Background As populations age and pandemics continue, grief disrupts the health and productivity of increasingly bereaved populations. While funerals can reconnect old friends and relations to provide psycho-social support, and satisfying funeral participation reportedly reduces such psychiatric complications of grief, the psychological effects of recent restrictions on funerals remains unclear. This first English report of open-ended responses to a Japan-wide survey sheds some light on this by looking at Japanese psychological reflections on their funerals. Objectives To determine what aspects of funerals the Japanese bereaved feel psycho-socially valuable or conversely problematic, and for what reasons. Setting Data were collected using anonymized all-Japan postal surveys from 2019 to 2020. Participants 288 recently-bereaved chief mourners submitted 353 open-ended responses discussing their experiences and feelings about the funerals they conducted. Method Anonymized data were divided into positive, regrets, vacillations, and negative comments about the subjects most frequently cited. Results Most commonly cited were funeral directors (64), attendees (56), ritual/ceremony (49), and the need for (pre-)planning (40). Respondents profoundly appreciated funeral directors' support, and regretted not having planned better or invited more people to the funeral. Dissatisfaction tended to focus on unexplained expenses and mistakes or offenses in rituals. Many also criticized their doctors for not realistically forecasting their loved ones' demise. Conclusions Responses validated that responsive funeral directors can significantly support their clients through early acute grief, and that inviting more celebrants to a full funeral facilitates psycho-social support and may obviate future regrets. Rituals too provide memorable means to help survivors deal with grief. Medical professionals should psychologically encourage terminal patients' families to communicate while patients are still coherent; families are strongly advised to discuss funeral plans with their elders before the end of life.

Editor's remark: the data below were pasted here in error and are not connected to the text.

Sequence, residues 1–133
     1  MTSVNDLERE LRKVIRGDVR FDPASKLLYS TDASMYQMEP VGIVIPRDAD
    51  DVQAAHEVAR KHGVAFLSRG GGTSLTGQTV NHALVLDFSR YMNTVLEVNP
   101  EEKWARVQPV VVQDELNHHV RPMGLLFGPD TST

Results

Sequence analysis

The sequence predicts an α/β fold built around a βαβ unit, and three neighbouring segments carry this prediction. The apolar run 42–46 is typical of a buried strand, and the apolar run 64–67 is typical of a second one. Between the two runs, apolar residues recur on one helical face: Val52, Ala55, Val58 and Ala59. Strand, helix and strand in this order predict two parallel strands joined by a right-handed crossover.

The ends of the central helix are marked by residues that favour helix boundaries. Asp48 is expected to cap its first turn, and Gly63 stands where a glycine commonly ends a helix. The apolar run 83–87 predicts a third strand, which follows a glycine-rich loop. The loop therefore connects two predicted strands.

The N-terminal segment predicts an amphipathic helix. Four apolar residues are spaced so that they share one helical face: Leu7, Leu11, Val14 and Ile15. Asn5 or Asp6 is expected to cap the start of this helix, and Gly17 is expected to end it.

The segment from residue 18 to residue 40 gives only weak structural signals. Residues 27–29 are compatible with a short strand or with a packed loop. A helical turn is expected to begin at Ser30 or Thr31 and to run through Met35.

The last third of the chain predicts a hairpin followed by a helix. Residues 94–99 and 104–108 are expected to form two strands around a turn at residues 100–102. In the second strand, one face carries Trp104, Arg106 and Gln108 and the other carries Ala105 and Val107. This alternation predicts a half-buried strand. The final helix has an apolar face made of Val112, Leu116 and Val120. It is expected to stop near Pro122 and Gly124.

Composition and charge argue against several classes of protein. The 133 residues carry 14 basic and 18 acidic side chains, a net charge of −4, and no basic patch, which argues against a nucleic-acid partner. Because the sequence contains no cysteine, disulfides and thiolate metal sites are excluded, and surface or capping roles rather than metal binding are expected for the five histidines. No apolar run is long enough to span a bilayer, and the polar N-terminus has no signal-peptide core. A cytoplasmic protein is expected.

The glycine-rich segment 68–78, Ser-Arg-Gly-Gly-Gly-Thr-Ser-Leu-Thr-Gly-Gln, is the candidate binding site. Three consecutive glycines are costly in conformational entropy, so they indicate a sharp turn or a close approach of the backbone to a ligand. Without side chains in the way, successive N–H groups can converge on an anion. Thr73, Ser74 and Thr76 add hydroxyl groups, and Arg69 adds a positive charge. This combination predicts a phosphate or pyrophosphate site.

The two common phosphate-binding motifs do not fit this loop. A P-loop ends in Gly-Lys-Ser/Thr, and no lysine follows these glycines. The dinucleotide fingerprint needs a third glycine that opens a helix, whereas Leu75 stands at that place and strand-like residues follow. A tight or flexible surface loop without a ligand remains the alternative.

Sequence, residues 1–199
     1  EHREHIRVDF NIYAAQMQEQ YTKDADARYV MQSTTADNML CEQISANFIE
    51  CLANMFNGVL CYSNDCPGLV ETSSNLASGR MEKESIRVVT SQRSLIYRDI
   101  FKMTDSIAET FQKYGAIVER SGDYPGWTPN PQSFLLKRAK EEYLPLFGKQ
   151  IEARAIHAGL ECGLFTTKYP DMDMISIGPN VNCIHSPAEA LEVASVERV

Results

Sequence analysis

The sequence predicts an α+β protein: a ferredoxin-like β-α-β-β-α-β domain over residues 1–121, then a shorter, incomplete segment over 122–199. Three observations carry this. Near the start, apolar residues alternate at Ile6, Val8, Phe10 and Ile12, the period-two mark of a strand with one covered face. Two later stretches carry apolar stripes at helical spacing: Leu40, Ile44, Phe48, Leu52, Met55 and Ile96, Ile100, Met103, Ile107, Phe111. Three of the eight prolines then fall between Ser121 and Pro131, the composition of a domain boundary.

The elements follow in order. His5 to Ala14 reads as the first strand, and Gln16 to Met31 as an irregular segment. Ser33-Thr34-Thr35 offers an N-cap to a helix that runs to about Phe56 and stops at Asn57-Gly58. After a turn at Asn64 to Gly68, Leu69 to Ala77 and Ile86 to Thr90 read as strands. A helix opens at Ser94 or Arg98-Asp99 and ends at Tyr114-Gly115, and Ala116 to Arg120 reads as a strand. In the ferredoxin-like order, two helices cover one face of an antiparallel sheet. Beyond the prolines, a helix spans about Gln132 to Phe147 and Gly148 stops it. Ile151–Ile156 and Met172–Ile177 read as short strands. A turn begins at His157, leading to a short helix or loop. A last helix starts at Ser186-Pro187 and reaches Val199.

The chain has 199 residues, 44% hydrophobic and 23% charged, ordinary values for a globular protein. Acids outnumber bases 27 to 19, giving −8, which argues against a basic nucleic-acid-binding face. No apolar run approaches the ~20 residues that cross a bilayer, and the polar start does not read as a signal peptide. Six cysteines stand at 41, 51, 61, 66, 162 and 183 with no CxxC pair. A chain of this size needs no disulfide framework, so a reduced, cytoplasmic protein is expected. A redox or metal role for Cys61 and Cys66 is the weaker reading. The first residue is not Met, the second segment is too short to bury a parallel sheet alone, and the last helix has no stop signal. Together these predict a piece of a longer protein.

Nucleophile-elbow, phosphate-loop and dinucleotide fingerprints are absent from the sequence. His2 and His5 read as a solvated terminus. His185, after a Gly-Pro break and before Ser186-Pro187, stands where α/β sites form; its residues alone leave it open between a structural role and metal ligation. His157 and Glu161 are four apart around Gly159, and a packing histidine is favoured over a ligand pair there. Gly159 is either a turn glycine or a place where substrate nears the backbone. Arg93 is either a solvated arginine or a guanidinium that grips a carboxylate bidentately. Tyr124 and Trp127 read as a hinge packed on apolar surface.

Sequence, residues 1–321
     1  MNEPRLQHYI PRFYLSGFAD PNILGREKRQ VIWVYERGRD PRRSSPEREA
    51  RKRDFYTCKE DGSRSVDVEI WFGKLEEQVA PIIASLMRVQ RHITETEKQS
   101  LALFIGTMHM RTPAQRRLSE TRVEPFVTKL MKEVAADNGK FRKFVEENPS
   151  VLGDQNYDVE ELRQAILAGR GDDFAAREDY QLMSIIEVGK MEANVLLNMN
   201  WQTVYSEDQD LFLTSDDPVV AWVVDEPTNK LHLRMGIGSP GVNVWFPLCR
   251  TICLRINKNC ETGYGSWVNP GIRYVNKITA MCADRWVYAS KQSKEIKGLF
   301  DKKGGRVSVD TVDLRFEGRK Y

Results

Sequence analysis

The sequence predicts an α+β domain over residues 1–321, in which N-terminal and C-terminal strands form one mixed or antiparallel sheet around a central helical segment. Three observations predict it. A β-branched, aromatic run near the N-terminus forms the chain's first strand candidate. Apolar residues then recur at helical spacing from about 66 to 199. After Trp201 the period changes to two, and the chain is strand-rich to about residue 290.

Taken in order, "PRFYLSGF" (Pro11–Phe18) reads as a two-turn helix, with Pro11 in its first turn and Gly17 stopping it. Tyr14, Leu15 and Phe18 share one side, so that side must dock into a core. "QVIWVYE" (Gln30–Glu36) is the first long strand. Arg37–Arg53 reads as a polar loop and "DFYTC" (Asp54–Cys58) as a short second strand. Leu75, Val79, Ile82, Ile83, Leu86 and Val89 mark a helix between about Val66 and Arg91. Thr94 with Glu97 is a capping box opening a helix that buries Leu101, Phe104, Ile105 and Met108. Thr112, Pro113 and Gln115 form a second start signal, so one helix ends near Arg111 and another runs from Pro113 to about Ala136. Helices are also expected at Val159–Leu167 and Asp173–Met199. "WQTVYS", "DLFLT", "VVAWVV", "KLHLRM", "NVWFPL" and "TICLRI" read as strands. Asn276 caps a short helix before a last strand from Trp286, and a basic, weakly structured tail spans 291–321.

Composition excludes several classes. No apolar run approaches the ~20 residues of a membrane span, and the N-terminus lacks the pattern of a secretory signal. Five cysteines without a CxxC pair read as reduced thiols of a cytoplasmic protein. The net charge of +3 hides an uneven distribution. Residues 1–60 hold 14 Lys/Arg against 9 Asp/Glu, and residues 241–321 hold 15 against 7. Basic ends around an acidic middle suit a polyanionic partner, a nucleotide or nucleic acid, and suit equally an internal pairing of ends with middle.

There are many cases where eutrophication has become a common in irrigation pond, remarkable in ponds because the use of agricultural land irrigation has been abolished and it is operated as a park pond. Regular water drying is no longer carried out in these park ponds. Ecological disturbances such as water level fluctuation has disappeared in these ponds, and overgrowth of certain alien species is observed. Artificial water level disturbances were revived in these ponds, increasing predation pressure by birds on invasive crayfish Procambarus clarkii and bullfrog Rana catesbeiana. As a result, low density management of invasive crayfish and bullfrog was successful. The overgrown area of aquatic plants has expanded, and the population density of zooplankton such as Cladocera has increased. The effect spread widely to the biota through the food web, and the effect on water environment conservation was confirmed.